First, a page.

Whenever I visit a new place, there’s a protocol I have to follow. I always feel tremendously unsettled until I make offerings to the city spirit, the genius loci. If the flight has been a rough one, as long plane trips generally are for me, it can take me a day or so to fulfill this part of my working etiquette.
When I arrived in Eugene, I was uncomfortable and agitated until after breakfast the following day. I did a bit of quick divination and realized that a large part of my unease was that I’d not honored the spirits of the place yet so I immediately set out to remedy that. I poured out offerings to the spirit of Eugene but didn’t feel quite as though I was finished. There’s always the question of where to make offerings and for me, certain sites tend to resonate most strongly: any site connected with the military dead and, generally, cemeteries.
My husband lived in Eugene for many years and took me first and foremost after that to a memorial to honor those incarcerated in Japanese internment camps during WWII.
There were paving stones honoring individuals, and also soldiers and specific regiments. I gave offerings of tobacco and prayer there.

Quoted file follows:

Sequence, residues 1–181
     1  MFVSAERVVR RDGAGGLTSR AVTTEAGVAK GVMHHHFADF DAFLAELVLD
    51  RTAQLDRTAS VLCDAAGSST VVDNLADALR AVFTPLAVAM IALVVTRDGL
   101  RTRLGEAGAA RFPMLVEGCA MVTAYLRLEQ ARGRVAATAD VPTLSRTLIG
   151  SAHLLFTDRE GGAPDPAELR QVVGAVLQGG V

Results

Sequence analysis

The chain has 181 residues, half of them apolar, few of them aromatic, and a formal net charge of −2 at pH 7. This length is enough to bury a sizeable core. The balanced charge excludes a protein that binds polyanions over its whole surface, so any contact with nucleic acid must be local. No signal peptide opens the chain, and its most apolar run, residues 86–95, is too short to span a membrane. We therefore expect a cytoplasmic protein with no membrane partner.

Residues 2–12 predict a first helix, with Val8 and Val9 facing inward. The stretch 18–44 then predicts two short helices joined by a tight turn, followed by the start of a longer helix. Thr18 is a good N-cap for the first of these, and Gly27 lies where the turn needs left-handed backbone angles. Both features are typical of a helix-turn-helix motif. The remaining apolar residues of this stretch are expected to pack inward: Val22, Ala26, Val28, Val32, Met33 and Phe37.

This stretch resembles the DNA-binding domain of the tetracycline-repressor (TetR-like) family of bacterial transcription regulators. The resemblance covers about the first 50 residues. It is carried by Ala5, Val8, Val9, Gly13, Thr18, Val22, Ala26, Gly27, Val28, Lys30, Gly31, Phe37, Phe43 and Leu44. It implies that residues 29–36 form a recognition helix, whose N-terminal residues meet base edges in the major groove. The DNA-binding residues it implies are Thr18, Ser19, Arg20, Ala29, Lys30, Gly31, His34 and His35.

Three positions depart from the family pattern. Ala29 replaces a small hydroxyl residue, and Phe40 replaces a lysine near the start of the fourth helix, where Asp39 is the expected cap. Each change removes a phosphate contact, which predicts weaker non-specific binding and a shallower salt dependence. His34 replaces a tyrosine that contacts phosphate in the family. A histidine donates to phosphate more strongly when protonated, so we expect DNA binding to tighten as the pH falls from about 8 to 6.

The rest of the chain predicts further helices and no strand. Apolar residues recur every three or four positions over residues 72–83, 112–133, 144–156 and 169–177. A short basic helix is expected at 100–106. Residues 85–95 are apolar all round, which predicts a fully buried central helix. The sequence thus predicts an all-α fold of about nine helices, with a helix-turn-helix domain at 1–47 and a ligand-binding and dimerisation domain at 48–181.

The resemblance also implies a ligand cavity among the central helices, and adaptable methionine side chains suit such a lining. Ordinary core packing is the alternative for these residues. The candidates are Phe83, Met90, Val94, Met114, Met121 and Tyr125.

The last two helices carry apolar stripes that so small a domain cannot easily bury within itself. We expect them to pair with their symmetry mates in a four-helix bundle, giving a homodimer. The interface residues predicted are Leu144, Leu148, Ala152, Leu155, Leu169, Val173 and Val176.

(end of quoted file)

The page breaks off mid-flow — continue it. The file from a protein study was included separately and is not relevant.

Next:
I also cleaned up some trash that someone had left. It makes me angry to see memorial sites desecrated. I think there should be more respect for our dead.
Later on that day we visited one of the local cemeteries. It was beautiful and serene and I was able to make offerings to the local dead (and to Hermes). The moment I poured out offerings to the dead in Eugene, I found myself feeling far more rooted and I was able to prepare myself for the weekend’s retreat ahead.
This year I wanted to give my mom something special on the anniversary of her death. My friend Neve, who has a powerful gift for creating ritual flower arrangements, offered to do something for my mom. It felt right, especially as Mutti always loved flowers, was an avid gardener, and too great pleasure in the peace and beauty of her garden.
I arranged things with Neve, who took the resulting bouquet to the Pacific shore (also appropriate, as my mom adored Big Sur). This evening I heard from my friend, who sent me an account of the small ritual he did, and some gorgeous pictures, of the bouquet offering, the spot where the rite was done, and a cavernous passage through which he passed to find exactly the right spot to honor my mom.